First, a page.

Saturday, June 16, 2012

For My Father

Daddy and his sister, Barbara, circa 1940

My father never served in the military, wore a badge, drove an ambulance or put out a fire.  But in my eyes he was a hero.  As a minister in the 1960s and 70s he spoke from the pulpit against racial inequality and social injustice.  He put his words into actions as a social worker with the Cleveland Christian Home, the Bessie Benner Metzenbaum Center, and the Cuyahoga County Welfare department.  A news reporter described him as “idealistic and compassionate.”  I totally agree.
            But lest you get the idea that daddy was stuffy and pious, he was anything but that.  He had an offbeat, often corny, and sometimes risqué, sense of humor.  Spike Jones was a favorite of his, and had he lived longer he would have loved Monty Python and Benny Hill.  He had an amazing collection of big band records on old 78 rpm records and newer “stereo”33rpm recordings of Nat King Cole.  


Left to right: Jack and Ruth Herrington, Dick Herrington, Dave and Lois Thompson

            He was born December 5t,1933 to Donald and Ruth (Herrington) Thompson who named their first born son, David Herrington Thompson.  On his father’s side he was a 6th generation Clevelander.  The Thompson family lived on Gorman St. on the Southeast side of Cleveland near the place where his 3xgreat grandfather, Elijah Gunn, had built his home in 1800.  Elijah and his wife Anna had been part of the surveying party led by Moses Cleaveland.  Anna was one of two women in the party and received land in her name from the Connecticut Land Company for her services to the party.  The land was then in the township of Newburg, but by the time Daddy was born Newburg had long been a part of Cleveland. 
            Daddy grew up attending the Miles Ave. Christian Church (Disciples of Christ), went to Bethany College in West Virginia (where I was born), attended seminary in Lexington, Kentucky and then went on to get his MA in Social Work at Western Reserve University.  But he always had to ask my mom how to spell!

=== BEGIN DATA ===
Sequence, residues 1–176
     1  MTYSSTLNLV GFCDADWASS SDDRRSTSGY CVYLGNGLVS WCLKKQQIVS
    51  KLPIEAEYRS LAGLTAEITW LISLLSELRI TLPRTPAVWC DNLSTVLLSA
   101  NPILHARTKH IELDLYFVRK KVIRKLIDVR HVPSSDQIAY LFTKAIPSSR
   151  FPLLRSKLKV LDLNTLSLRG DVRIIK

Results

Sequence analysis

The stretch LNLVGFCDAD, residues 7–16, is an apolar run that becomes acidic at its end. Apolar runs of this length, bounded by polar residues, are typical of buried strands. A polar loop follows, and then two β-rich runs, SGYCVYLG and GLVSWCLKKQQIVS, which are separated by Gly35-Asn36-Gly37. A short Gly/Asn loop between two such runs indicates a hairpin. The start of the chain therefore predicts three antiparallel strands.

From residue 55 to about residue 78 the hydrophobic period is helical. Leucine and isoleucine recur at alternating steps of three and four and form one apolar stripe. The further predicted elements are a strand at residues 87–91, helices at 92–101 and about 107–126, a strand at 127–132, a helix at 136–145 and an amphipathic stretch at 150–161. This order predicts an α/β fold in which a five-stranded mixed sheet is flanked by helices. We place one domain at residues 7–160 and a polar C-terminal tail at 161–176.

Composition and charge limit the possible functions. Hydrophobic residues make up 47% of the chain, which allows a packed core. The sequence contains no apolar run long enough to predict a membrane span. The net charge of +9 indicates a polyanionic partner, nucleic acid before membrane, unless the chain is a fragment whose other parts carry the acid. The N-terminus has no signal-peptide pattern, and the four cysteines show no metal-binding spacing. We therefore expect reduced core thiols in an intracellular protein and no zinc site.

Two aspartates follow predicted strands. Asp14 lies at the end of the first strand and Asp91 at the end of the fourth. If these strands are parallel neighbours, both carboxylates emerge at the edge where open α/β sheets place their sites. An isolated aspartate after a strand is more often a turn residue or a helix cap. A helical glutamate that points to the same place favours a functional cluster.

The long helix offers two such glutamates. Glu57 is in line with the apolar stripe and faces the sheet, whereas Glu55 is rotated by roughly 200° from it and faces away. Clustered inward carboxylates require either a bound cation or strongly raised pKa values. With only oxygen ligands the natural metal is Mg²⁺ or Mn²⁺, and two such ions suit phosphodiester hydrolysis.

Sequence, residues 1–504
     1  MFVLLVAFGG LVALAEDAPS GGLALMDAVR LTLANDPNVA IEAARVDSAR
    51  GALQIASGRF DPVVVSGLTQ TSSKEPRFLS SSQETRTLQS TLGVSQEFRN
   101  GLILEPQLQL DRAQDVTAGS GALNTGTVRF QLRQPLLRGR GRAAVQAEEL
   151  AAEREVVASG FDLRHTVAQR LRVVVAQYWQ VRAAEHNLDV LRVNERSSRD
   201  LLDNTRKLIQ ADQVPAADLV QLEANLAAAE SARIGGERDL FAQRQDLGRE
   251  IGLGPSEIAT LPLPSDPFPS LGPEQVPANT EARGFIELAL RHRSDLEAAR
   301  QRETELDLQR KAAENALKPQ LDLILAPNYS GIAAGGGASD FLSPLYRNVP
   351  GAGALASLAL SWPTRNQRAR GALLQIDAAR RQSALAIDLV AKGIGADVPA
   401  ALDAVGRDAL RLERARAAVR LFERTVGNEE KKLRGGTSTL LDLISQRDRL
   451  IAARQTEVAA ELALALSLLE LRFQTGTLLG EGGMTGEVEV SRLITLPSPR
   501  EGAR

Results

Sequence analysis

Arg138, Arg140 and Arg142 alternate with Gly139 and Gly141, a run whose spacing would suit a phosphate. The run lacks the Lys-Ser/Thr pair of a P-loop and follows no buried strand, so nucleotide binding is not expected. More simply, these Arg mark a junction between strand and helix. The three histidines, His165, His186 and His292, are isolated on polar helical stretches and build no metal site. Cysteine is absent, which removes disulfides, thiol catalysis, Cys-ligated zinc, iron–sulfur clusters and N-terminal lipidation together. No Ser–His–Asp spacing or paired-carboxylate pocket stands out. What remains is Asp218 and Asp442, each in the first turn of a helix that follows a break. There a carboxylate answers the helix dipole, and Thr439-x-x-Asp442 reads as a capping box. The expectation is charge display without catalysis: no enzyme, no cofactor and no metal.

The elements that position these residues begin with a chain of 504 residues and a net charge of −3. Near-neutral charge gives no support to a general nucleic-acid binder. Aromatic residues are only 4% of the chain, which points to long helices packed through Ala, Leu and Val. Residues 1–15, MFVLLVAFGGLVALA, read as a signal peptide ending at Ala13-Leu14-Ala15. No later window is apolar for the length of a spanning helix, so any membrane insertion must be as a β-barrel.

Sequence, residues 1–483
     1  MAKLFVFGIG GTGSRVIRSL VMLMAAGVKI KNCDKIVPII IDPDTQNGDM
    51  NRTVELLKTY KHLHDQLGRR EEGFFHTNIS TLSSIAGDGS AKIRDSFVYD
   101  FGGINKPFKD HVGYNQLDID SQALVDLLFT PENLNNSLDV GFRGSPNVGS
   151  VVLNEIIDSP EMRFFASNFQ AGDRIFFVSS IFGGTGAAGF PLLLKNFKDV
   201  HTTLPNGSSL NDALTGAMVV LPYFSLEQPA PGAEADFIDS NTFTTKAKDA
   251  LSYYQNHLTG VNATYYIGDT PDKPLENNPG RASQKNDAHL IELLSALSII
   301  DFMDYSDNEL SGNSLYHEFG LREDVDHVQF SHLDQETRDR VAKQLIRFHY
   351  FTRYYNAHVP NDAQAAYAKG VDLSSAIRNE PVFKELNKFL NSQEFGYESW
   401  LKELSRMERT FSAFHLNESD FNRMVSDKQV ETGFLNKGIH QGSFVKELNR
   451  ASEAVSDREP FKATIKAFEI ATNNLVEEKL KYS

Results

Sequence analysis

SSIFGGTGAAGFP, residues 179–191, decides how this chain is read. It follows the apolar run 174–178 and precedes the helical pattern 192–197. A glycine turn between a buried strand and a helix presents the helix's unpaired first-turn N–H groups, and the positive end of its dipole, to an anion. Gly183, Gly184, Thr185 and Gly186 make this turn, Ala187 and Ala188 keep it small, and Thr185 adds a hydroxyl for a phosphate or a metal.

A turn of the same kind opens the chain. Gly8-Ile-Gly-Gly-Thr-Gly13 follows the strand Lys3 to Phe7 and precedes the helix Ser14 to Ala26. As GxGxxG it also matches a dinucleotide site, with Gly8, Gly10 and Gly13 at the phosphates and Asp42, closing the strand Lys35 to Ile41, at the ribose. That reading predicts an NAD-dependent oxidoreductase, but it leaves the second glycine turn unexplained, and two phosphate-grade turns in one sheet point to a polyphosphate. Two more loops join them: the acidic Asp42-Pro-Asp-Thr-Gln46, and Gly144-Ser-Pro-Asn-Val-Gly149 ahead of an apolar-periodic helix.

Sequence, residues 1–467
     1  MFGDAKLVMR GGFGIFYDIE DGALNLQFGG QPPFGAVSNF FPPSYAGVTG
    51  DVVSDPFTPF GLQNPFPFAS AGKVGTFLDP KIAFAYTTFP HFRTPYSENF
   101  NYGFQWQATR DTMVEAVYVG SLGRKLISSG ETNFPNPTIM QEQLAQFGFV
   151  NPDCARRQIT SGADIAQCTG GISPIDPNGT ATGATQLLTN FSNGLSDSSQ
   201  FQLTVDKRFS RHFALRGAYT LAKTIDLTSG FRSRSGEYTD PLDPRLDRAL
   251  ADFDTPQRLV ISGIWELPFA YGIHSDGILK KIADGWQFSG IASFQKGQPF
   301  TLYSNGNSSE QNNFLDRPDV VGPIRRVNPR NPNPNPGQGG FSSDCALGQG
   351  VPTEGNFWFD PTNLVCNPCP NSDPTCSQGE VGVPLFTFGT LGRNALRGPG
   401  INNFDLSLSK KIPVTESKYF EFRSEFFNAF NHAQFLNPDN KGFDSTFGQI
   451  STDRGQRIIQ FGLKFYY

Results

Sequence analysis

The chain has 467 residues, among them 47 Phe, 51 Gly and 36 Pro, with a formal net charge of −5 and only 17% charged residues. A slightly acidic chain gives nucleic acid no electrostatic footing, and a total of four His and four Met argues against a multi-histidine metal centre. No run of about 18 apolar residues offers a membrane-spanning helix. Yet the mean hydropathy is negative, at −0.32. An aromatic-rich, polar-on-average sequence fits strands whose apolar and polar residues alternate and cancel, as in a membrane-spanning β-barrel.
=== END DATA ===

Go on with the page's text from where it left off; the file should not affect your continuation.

Daddy's ordination, Euclid Ave. Christian Church, 1963

             Daddy loved gadgets and electronics.  I am convinced he would have an IPad, IPod, smart phone, etc. even at the age of 78 years old, if he were alive today.
From my father I learned to accept and embrace diversity, his friends came from all different backgrounds.  He told me never to judge anyone until you’ve walked in their shoes, cliché I know, but Daddy truly lived this way.  He also taught me never, never to talk to an elephant in a tree, or there would be dire consequences!  (Ok for that one I guess you had to be there)
Daddy and me, Lexington, Kentucky

            My husband was stationed at Fort Knox, so we were living in Elizabethtown, Kentucky with our 6 month old son in February of 1975.  Since we did not have a phone the police came to the door to tell us that my father had died.  As I walked down to the street the next morning to use the office telephone, the birds were singing.  This surprised me.  My world had just crashed and the birds were still singing.  It did not seem right. 

            It still does not seem right that my amazing, gifted, compassionate, funny father was only given 41 years on this earth.  I miss him every day of my life, but he left me with an inheritance.  He bequeathed to me his zest for life, his optimism, his compassion and his love of people.  I imagine him in Heaven, making Jesus laugh with his corny jokes and off the wall humor.  Thank you, Daddy, for all that you gave me.  I love you.
Daddy and me, 1956

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